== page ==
crislapi wrote:I have heard from a ward clerk that he cannot record a death in MLS until he receives a copy of the death certificate.
I have never heard of this before, and it seems a rather extreme requirement. I would think that any publicly recorded information would be sufficient for this, such as an obituary, or verifying the information from the tombstone at the cemetery. I would guess that your clerk has taken the instruction for needing to see the legal documents before making name changes and adding adoptive children a bit too far.
Asking to see a death certificate seems tacky and insensitive except for insurance companies and bill collectors, especially when the information can be readily and reliably obtained from other sources without being intrusive to the family.
"Yes brother Smith, I know I dedicated the grave at your son's funeral, but I still need to see the death certificate before we can record it on the records of the Church."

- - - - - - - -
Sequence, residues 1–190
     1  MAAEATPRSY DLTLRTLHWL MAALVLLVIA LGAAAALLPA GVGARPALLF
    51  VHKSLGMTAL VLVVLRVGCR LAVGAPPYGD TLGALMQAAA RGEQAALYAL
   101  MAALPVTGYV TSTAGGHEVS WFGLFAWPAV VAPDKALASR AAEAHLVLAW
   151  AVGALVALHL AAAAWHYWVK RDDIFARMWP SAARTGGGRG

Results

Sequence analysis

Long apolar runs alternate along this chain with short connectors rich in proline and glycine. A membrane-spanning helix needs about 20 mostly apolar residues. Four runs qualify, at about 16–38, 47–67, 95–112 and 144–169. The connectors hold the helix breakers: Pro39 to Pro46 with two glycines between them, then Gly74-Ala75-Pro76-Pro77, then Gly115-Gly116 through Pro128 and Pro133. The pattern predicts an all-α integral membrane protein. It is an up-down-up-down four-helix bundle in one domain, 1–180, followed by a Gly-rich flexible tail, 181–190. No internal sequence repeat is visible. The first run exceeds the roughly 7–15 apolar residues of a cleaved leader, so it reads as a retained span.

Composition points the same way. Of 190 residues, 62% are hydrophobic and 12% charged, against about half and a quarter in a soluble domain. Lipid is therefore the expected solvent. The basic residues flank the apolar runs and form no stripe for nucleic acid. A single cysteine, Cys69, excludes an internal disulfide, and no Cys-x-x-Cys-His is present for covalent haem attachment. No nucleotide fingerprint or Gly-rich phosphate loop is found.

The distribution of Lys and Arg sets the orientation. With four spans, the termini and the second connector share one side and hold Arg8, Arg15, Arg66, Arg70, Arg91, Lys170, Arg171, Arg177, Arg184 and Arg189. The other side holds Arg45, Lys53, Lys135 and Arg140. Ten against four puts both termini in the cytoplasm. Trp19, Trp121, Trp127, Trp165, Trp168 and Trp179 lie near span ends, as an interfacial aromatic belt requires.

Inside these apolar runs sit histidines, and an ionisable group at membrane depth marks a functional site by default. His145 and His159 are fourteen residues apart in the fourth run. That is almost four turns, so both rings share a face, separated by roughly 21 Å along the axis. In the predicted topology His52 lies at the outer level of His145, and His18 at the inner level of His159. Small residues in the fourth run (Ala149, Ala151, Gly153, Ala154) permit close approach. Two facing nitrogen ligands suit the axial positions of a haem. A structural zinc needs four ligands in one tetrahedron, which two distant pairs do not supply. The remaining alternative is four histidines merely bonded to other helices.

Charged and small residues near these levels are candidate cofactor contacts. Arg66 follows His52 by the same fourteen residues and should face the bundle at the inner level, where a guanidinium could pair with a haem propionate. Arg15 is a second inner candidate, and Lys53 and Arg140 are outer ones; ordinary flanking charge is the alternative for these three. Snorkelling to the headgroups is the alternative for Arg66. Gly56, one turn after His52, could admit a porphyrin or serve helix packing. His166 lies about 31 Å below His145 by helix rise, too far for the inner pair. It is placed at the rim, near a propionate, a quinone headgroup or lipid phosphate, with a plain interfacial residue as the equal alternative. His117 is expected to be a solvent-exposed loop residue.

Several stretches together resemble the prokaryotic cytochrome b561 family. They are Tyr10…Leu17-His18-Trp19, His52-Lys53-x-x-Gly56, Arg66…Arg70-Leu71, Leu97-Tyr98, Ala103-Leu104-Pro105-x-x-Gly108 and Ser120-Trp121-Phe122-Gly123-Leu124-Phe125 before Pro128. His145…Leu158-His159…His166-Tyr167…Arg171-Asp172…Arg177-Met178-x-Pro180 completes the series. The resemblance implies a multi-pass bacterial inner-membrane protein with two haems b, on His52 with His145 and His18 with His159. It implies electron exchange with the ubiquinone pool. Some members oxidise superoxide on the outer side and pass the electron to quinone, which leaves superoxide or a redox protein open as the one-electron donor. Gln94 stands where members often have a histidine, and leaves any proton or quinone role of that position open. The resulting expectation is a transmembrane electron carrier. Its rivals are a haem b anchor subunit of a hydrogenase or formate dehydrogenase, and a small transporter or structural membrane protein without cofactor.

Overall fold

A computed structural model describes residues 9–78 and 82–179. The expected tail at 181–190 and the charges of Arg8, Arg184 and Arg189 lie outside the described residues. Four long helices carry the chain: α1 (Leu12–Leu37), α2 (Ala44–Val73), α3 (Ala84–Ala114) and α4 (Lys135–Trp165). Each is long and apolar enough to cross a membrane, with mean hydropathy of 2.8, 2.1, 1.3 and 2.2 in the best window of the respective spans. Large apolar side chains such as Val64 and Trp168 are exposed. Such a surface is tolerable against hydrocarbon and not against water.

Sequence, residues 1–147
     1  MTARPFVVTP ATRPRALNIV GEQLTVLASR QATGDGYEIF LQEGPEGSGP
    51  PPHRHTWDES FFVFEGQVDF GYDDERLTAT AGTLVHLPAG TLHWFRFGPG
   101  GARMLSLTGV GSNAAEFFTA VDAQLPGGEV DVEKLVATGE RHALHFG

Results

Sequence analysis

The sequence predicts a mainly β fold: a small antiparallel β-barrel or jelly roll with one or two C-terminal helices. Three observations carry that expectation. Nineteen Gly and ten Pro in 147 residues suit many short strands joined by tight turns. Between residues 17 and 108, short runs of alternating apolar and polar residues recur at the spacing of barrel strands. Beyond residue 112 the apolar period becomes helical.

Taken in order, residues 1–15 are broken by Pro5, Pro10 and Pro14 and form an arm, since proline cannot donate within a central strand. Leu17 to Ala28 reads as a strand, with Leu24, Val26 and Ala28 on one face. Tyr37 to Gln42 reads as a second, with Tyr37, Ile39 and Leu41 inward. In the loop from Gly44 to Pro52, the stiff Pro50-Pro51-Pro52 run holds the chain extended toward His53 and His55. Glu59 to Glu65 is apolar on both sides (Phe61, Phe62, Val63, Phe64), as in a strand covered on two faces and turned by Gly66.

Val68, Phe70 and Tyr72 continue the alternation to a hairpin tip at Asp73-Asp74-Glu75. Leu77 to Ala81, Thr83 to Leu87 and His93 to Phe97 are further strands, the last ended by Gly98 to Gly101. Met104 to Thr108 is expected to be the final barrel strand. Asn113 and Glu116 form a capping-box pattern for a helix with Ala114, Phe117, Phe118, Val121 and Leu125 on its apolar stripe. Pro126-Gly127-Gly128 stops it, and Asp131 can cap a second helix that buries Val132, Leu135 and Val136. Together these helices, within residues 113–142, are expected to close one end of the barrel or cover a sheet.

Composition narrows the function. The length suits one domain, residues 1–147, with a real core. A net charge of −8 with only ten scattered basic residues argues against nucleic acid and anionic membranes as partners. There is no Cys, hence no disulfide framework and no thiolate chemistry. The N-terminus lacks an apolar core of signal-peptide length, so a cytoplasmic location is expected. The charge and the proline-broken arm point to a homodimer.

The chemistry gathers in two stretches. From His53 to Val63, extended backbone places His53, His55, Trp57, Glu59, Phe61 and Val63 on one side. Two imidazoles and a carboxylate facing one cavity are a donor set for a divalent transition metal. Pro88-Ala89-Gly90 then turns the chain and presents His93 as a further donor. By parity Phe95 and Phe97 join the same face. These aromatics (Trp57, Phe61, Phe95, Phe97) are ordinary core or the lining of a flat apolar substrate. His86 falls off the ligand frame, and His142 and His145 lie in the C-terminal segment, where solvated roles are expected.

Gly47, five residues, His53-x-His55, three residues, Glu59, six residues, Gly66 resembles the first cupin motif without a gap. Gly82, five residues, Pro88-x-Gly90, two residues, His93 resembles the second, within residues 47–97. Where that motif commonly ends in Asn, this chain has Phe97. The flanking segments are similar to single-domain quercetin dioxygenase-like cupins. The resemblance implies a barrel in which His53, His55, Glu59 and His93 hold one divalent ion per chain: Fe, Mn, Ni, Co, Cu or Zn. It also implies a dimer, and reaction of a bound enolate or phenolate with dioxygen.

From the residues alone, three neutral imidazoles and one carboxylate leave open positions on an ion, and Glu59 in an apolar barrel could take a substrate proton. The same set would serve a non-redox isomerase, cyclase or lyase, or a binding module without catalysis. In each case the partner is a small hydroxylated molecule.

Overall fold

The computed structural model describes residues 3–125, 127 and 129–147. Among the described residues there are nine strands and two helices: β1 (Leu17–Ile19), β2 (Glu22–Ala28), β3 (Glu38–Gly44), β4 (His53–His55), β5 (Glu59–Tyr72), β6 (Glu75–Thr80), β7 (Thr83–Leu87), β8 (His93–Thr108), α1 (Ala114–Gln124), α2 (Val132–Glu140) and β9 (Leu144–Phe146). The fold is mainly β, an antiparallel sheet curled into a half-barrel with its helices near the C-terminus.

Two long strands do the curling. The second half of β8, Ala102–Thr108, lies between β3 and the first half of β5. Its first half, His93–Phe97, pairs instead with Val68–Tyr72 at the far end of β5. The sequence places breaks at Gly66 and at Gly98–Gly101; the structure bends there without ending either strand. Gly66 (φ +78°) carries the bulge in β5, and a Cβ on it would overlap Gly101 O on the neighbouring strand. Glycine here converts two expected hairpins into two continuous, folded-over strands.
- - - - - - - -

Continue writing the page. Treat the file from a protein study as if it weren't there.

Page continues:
I guess the big question is whether anyone is concerned that the report of death is inaccurate or that someone might otherwise be trying to perpetrate a fraud or something else illegal by reporting the death.
If the person actually died, and this is verifiable independent of contacting the family, then the insistence that the clerk must see the death certificate is highly inappropriate. (IMO)